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Optimize Apache httpd

Posted in Linux & Sysadmin

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Quick Steps to Optimize & Secure Apache

Below are a few basic steps to secure and optimize your Apache webserver. Most recommendations are for optimizing a basic VPS with minimal footprint.

Note - If htop utility isn’t installed ony your Linux machine, I’d definitely recommend it.

Remove Unnecessary Apache modules to save Memory

By default, Apache loads a variety of different modules. Many of these modules may be un-needed for the scope of your webserver, and will eat up quite a bit of memory.

You can check what modules are loaded by default..

httpd -M
# or...
apache2ctl -M

This will decrease the attack surface on the off chance an existing default module becomes a security risk - such as the Shellshock exploit and mod_cgi.

If you’re running just WordPress on your Apache server, then the below modules will suffice.


To disable out of scope modules, comment out the mods (.so files) in:


Restart Apache and you should notice a reduction in memory uses. _

MPM Prefork Mod

If you’re running a minimal VPS with traffic that’s not extremely heavy, then the default Apache Prefork module settings should definitely be altered.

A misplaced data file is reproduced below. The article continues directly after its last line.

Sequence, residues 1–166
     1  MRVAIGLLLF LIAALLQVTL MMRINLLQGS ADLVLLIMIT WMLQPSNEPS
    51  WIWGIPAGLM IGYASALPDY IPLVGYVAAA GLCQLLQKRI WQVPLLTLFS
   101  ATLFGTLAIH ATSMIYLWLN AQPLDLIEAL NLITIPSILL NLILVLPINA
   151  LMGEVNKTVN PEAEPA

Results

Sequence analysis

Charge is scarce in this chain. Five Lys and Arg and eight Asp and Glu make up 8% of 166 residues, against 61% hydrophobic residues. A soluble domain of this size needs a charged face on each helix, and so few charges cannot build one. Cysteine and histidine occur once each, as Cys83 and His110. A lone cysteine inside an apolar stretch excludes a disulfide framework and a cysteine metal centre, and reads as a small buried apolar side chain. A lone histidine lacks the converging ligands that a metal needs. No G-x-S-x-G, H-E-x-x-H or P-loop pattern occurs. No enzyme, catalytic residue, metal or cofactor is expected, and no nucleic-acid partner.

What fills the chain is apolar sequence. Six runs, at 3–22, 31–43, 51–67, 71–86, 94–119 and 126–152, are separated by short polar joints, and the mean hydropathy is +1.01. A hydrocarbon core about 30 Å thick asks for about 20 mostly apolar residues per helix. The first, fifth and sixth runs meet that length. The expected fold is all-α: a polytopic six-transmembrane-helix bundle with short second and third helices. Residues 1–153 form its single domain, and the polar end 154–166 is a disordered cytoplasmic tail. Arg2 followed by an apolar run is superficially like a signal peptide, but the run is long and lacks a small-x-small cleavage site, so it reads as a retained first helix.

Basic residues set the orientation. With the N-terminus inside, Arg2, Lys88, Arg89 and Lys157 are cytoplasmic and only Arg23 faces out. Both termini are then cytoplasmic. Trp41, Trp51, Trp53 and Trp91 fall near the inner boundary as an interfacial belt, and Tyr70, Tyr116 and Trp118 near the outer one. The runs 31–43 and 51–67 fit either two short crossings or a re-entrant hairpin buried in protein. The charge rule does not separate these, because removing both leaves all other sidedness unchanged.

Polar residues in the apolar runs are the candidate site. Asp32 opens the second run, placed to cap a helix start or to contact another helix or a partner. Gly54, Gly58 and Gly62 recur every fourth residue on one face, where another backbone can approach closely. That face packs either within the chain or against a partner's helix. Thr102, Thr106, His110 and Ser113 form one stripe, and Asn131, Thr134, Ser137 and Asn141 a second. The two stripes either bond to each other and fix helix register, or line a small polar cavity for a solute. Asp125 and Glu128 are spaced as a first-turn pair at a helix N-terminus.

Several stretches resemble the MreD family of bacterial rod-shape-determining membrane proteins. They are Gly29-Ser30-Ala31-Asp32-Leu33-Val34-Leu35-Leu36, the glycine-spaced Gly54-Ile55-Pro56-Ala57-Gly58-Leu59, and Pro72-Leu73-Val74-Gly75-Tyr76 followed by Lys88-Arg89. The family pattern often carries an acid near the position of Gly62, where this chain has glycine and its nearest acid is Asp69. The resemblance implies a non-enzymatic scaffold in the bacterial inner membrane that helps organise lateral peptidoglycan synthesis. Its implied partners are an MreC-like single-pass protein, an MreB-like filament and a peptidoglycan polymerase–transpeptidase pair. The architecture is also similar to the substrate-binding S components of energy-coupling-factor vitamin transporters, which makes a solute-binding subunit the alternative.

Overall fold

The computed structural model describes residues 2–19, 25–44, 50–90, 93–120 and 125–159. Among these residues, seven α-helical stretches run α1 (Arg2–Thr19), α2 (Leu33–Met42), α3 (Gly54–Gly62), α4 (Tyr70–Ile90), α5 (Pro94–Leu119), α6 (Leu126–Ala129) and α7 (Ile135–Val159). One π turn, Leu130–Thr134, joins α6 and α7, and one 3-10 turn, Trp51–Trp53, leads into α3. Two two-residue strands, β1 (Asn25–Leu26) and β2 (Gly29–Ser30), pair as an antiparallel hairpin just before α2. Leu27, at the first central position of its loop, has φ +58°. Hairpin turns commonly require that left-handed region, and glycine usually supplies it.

These settings will totally depend on the system resources, traffic, etc. It’s not like subnetting, so there’s no definitive answer. Tweaking it to find out what runs best for your server is the way to go.

You’ll find the necessary lines in the httpd.config file - the example below is for a minimal low memory VPS.

StartServers           2
MinSpareServers        2 
MaxSpareServers        6 
ServerLimit           20
MaxClients            20
MaxRequestsPerChild    60
ListenBacklog        100

Remember to save the config file and restart Apache.


Both KeepAlive and Timeout are also located in the apache config file.

Reducing your KeepAlive to something less than the default 15 may help Apache performance (or to zero). Server processes waiting for an idle user can eat up resources if you have a steady flow of visitors. Think of how long you may go to a page and click next, or back, etc. The user (is hopefully) digesting the content on your pages and will remain idle for a bit aka no need for that KeepAlive process to be eating resources.

If you have a ton of spare resources and you’d like to make user experience better, you can increase this value.

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